How Will Tomorrow Go?

The driver gets it. Christmas movies are full of people
like her, his buses too – people who’d prefer to drive
right past the season.

She can’t bear it. It’s got her all on edge  – putting on a
brave face, weighing her words to keep it festive, to
keep the old sores covered over.

Her brother’s more reckless. He says, I don’t give a
stuff. He slams doors shut as if they can stay shut. He
yells things like idiot, broken record, milksop.

And just as easily: I don’t care if I never see you again.

But does he know the price? He’s ending eras,
throwing away years. Only later will he understand:
who will I have to talk to who’s been through it?

One afternoon he marched right out of his group of
friends, losing them all because he couldn’t raise a
wedding glass with one of them.

She wants to shout at him: ‘Do you want to be proved
right? Or can someone else say something too?’  Then
softer: ‘Are we only here to listen to the sound of our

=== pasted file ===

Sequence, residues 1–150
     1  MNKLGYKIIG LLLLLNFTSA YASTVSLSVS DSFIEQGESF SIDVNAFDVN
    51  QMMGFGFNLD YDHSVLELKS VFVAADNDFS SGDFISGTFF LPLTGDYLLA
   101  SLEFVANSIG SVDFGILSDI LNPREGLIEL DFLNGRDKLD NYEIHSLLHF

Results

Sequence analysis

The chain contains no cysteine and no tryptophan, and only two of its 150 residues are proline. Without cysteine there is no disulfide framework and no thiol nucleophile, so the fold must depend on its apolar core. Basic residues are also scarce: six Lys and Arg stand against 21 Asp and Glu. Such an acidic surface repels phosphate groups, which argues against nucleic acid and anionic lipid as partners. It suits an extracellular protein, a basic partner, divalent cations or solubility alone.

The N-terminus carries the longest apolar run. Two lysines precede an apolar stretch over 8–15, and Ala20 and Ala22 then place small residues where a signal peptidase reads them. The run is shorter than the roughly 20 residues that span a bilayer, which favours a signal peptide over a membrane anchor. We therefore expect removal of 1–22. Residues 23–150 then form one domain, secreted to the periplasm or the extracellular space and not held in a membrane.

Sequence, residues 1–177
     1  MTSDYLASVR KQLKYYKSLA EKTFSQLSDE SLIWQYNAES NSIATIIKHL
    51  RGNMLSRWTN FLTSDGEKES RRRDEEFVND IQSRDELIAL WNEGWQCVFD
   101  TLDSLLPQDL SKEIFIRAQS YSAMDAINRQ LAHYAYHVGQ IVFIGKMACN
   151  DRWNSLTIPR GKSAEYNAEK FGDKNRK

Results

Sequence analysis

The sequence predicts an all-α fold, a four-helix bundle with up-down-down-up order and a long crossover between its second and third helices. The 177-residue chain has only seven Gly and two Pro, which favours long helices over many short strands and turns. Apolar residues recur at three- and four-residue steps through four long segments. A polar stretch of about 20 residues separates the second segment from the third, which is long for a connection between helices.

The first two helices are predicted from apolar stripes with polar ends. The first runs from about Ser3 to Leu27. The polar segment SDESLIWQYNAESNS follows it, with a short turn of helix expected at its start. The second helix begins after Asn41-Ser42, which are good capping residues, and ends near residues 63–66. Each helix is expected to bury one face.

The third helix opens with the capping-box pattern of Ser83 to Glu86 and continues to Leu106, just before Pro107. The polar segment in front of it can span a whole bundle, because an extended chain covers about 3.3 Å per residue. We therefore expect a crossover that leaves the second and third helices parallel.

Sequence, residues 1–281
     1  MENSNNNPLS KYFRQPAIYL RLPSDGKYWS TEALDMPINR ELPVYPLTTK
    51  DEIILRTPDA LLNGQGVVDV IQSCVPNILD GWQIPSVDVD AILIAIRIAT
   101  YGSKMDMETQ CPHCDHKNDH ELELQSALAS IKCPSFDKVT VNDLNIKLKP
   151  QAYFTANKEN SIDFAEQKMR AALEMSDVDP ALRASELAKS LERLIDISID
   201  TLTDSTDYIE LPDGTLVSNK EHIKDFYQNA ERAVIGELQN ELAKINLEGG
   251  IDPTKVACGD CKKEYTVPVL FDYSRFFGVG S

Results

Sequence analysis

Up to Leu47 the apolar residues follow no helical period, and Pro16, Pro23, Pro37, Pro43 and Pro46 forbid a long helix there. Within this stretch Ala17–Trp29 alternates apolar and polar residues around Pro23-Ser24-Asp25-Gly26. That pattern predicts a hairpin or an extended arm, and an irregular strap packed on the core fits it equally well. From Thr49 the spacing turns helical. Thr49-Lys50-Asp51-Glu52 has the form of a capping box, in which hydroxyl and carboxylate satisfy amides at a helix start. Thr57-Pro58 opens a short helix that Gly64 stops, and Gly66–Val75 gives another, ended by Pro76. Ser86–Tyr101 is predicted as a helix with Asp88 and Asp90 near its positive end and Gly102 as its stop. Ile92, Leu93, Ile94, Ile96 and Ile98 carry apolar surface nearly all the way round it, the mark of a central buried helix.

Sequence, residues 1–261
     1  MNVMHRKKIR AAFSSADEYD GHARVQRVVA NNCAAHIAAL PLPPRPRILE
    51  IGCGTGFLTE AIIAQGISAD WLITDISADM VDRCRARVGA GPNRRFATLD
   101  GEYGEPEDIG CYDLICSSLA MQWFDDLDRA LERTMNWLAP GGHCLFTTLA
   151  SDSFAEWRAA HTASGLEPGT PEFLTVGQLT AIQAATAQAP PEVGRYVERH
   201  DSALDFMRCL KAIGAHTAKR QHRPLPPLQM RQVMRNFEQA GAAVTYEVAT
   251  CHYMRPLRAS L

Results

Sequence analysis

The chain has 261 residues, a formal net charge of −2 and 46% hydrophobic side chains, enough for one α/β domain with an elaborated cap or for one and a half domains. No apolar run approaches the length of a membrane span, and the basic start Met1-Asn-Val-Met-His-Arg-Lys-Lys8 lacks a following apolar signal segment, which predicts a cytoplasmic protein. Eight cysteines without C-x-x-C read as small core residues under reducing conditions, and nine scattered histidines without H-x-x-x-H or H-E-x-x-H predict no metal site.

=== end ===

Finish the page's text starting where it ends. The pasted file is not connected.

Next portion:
own voices? Or are we looking for a solution?’

She’s different.

She wants it to come good again. But her patching has
only made more of a mess. Sometimes she wonders, do
the reasons make any difference?

She’d like to ask the driver: Foot to the floor and keep
on driving through the next few days. Turn this Qliner
into a Euroliner.

But when she sees his eyes in the mirror, she hears his
answer. If we start skipping days, he says, where will it

Christmas movies are full of them – people like her,
even if happiness has been written into the script for
them too. The boys and girls just need to find the right

All she can think is, how will tomorrow go?


Translation: David Colmer